Ironically, by the 1930s the French had abandoned such a program not only in Algeria, but in Tunisia and Morocco, where it had been introduced in the 1900s and 1920s. The economy of the three countries now depended upon the export of wine, grain, and olive oil, together with phosphates and iron ore. But the economies of scale required by the overseas market had put an end to the original vision of a countryside densely populated by European farmers. The settler population of Algeria, now native to the country, had moved into the cities, leaving their original smallholdings to be amalgamated into large estates. The result, said Jacques Berque (1910-1995), was a land without people, and in the case of the Muslim population, a people without land. Across North Africa that population was outgrowing its means of subsistence, leaving the countryside for work in France, and like the settlers, crowding into the cities. This transformation of society was the background to the advance of North Africa to independence.

Agitation started in Algeria and Tunisia before World War II in Morocco during the 1930s. It began as an extension of the French debate over assimilation and association, but ended with a demand for independence. In Tunisia and Morocco it called on the protectorate to prepare the nation for eventual independence in the spirit of association; in Algeria it called for citizenship in the spirit of assimilation. But in 1934 the Destour or Party of the Constitution founded by the Young Tunisians in 1920 was eclipsed by the Neo-Destour, a mass party aiming at immediate independence. In 1943 the Moroccans followed suit with the Istiqlal or Independence Party. In pursuit of assimilation, the Young Algerians concentrated on the question of citizenship, against the demand by Islamic scholars in the 1930s for the association of the Muslim population with the French on equal terms. But both demands were overtaken by the formation in 1936 of the Algerian People’s Party, which, like the Neo-Destour, called for independence.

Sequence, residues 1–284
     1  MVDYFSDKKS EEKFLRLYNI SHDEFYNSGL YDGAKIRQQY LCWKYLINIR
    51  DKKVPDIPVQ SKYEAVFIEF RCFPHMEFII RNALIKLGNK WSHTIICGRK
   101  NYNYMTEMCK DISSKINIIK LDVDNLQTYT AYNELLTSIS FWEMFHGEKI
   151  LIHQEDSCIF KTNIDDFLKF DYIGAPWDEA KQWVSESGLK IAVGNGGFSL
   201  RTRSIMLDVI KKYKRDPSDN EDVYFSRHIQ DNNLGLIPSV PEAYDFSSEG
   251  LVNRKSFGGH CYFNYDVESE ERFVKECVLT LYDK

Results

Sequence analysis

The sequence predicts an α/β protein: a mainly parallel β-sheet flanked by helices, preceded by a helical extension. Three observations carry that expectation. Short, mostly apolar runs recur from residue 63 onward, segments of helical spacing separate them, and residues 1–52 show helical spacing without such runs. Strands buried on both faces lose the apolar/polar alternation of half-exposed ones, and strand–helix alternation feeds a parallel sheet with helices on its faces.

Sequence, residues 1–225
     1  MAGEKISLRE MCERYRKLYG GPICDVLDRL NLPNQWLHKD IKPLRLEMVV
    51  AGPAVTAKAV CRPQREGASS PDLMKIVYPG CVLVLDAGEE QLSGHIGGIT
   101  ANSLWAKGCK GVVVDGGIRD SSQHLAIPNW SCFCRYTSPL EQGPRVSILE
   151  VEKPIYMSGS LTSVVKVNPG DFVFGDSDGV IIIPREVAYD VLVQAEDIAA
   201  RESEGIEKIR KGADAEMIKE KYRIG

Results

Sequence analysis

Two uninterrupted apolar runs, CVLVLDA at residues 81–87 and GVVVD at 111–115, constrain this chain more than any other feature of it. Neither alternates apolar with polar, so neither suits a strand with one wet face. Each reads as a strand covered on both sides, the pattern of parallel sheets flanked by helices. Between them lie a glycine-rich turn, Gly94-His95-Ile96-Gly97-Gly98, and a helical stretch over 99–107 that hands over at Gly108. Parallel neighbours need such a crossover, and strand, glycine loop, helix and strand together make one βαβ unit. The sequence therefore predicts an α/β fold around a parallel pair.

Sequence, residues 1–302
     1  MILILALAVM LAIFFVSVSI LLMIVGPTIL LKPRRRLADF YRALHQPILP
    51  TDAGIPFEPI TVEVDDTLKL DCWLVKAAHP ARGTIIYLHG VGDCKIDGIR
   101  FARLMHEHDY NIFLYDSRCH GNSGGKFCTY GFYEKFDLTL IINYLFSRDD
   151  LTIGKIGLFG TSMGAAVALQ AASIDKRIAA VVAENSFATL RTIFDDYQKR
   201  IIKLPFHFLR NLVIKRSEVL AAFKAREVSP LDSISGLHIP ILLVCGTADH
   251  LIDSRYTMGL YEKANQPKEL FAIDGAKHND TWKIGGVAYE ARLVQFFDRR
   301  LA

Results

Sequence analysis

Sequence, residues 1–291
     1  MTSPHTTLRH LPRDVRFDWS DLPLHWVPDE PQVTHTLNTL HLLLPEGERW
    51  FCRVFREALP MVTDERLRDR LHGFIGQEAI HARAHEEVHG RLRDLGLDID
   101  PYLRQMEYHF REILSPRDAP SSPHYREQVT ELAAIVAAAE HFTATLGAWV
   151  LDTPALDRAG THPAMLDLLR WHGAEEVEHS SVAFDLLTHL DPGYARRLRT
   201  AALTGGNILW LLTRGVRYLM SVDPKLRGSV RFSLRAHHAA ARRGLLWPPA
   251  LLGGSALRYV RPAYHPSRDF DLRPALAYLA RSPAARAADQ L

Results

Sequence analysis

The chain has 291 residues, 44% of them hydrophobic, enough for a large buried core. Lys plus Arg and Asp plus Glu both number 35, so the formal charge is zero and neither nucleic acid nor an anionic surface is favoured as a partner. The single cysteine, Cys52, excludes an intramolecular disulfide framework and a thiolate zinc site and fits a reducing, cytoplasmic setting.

The French treated this agitation as the work of an unrepresentative minority of basically loyal subjects. But the transformation of traditional society accomplished by colonization gave the new nationalists new supporters, and their movements continued to grow. In Algeria assimilation was gradually implemented with an extension of the franchise leading up to the concession of citizenship in 1947 and its final introduction in 1959. Reprisals for the killing of Europeans at Setif in 1945, however, escalated into war after the outbreak of rebellion in 1954. The impatience of extremists and the military reaction to their terrorism cut short the slow but steady progress toward a peaceful compromise. It precipitated the end of French Algeria in 1962, when the Europeans refused counter-assimilation into an independent Algerian nation, and left en bloc. The war likewise cut short French resistance to the independence of Tunisia and Morocco, which became sovereign in 1956.